- Focus on culturally responsive practices: this requires that we are aware of and acknowledge historical and oppressive systems that have disproportionally affected racial, ethnic, and other systemically excluded groups. Our curriculum should be multicultural with positive cultural representations and provide evidence of the resilience of communities. Failing to honor and value students’ background and experiences in the classroom is another form of violence and can lead to trauma or re-trauma.
This online platform provides information in various forms including articles, books, podcasts, videos and websites. A great resource and a collaborative partner for this work is Trauma-Informed Oregon (TIO). TIO is a non-profit organization that has helped to train healthcare providers in trauma-informed care and serves as a resource for trauma-informed efforts across the state. A strong focus for trauma-informed efforts is wellness, and TIO dedicates a webpage with multiple resources on this concept of wellness. We would encourage you to learn more about viewing wellness through a trauma-informed lens.
Click through the following tabs to explore and learn more about trauma-informed educational practices.
The development of this online platform was funded by the OHSU Racial Equity and Inclusion grant opportunity through the OHSU Center for Diversity and Inclusion in partnership with the OHSU Office of Educational Improvement and Innovation.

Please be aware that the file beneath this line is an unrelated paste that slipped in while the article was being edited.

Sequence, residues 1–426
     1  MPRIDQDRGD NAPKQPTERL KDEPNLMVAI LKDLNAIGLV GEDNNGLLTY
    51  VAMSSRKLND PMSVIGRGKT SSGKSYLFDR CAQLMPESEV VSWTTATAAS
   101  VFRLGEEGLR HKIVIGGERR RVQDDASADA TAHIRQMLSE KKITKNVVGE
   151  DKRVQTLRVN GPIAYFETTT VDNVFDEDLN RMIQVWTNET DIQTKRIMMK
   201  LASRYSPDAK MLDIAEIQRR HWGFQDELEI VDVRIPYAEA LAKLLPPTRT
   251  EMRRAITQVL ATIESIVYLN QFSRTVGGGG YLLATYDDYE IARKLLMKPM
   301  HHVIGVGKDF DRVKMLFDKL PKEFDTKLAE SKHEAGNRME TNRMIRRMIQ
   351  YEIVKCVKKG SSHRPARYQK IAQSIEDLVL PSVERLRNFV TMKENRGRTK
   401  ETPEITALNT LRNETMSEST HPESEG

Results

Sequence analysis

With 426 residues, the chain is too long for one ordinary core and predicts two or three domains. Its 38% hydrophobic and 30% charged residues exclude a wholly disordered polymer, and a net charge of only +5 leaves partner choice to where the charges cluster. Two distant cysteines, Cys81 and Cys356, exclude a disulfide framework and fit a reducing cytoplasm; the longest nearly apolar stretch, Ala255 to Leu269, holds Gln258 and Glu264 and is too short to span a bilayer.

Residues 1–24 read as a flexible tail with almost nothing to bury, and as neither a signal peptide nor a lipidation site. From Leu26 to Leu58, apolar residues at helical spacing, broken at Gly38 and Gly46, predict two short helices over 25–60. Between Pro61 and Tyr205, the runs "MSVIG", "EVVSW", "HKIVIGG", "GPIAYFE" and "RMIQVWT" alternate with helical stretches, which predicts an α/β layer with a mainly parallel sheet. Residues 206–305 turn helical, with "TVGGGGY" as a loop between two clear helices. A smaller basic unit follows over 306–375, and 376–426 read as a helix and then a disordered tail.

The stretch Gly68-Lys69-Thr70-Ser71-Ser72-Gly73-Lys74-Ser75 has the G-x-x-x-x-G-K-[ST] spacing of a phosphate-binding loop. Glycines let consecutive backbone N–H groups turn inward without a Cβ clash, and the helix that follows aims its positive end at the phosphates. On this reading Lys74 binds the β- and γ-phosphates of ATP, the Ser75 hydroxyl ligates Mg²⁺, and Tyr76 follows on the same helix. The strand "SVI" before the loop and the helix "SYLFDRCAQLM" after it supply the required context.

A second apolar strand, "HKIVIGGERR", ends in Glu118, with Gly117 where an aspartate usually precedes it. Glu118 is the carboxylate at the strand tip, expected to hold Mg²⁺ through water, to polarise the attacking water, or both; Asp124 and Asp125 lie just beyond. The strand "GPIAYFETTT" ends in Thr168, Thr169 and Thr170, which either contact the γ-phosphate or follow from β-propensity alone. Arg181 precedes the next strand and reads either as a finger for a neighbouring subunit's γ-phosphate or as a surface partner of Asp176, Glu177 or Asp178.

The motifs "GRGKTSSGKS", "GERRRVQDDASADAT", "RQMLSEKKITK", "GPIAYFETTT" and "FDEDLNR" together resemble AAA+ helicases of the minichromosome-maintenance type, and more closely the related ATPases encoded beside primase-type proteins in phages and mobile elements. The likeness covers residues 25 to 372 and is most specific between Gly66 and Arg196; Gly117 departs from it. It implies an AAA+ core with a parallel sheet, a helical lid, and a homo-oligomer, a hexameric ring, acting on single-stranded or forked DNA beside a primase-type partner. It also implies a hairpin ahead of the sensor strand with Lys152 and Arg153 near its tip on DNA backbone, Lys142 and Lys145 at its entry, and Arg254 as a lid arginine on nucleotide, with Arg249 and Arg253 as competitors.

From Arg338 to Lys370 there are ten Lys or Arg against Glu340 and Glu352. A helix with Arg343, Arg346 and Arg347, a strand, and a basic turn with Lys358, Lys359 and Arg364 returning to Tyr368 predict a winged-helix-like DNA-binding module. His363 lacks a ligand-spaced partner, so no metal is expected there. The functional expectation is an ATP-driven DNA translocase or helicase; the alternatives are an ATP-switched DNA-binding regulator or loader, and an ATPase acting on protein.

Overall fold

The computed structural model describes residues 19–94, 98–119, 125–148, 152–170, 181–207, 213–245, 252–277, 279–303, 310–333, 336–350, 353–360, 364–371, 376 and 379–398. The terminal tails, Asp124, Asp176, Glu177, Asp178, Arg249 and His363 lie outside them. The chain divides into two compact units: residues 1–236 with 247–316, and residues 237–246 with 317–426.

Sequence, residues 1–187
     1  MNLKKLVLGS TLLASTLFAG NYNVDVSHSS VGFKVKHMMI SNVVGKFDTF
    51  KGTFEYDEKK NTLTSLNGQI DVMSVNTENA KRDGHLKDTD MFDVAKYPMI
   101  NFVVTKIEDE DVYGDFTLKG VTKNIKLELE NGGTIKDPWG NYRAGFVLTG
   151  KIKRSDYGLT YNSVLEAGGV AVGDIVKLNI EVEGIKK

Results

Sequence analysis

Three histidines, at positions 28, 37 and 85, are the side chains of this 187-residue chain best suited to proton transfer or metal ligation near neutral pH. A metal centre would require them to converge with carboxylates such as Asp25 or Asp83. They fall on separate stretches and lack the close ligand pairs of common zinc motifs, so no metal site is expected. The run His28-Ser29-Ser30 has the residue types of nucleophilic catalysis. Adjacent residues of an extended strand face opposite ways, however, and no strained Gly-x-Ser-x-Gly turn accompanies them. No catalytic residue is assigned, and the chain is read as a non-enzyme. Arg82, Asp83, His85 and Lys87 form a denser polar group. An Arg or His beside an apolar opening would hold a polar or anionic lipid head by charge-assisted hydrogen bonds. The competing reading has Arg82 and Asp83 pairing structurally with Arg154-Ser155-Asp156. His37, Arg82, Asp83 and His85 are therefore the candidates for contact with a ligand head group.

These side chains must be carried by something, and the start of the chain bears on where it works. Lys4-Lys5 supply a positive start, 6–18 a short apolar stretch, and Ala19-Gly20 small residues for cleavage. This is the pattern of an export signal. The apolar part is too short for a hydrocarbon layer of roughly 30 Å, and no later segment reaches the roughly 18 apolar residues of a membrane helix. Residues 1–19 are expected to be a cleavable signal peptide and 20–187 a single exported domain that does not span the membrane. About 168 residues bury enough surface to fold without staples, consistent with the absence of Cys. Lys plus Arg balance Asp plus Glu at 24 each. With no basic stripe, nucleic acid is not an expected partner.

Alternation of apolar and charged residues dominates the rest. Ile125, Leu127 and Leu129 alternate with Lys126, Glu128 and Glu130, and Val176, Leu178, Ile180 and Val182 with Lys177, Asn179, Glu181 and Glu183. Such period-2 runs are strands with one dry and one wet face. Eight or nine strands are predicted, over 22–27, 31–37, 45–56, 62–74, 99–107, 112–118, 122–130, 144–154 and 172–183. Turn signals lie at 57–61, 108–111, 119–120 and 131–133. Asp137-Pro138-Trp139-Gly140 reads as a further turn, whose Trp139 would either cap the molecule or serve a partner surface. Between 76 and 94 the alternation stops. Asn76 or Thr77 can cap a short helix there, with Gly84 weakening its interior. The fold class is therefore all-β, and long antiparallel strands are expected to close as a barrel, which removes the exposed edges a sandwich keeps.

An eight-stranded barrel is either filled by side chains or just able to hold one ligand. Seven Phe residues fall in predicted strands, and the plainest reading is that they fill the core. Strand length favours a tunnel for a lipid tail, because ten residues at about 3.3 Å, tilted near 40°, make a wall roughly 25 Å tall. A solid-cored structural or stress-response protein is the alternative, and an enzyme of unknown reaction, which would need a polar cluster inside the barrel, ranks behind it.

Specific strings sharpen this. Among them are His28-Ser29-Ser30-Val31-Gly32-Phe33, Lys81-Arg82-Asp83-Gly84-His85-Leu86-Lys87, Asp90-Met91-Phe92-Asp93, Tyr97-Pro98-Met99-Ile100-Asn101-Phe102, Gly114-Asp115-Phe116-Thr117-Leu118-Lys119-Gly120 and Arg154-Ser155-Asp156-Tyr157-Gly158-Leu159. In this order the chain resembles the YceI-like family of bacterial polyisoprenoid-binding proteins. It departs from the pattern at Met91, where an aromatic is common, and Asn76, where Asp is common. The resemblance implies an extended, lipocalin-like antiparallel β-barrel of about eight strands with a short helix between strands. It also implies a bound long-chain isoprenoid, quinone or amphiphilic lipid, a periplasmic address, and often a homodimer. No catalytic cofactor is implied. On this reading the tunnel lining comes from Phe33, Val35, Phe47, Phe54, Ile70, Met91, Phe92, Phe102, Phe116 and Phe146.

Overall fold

We aim to strengthen healthcare education by supporting faculty and staff with the desire to implement or evaluate trauma-informed educational practices. Please contact us if you would like more information about faculty and staff training or changes in your institution.
The purpose of our Research/Scholarship Interest Group (RIG/SIG) is to develop a shared vision and support each other in implementing trauma-informed pedagogy in healthcare education. Individually, we are working on ways to expand our TI practices and pedagogical approaches. Collectively, we explore ways to support and share ideas on implementing TI in the educational environment. If you are interested in attending our educational sessions or our RIG/SIG, please contact us.
RIG/SIG Principle Investigator
Doria K. Thiele, PhD, CNM, IBCLC
Assistant Professor of Clinical Nursing
Holly Villamagna, MD
Assistant Professor of Medicine
Division of Infectious Diseases, OHSU
Medical Director, Infection Prevention & Control, Hillsboro Medical Center
Medical Director, Occupational Health, Hillsboro Medical Center
Rana Halabi Najjar, Ph.D., RN, CPNP
OHSU School of Nursing – Monmouth
Pronouns: she, her, هي
Echo recording of presentation on 'Trauma Informed Pedagogy in Healthcare'
Equity-Centered Trauma-Informed Approach
The following diagram describes the Equity-Centered Trauma-Informed Approach to educational practice. The diagram illustrates the four phases of developing a trauma-informed lens which are centered in equity and justice. Remember, this is a journey, not a destination. The ongoing process of developing a trauma-informed lens should reflect in practice, pedagogy, and policy at OHSU to ensure safety, trust, peer support, collaboration, empowerment, and cultural responsiveness among the OHSU community. It takes all of these components to light the way towards becoming a trauma-informed space.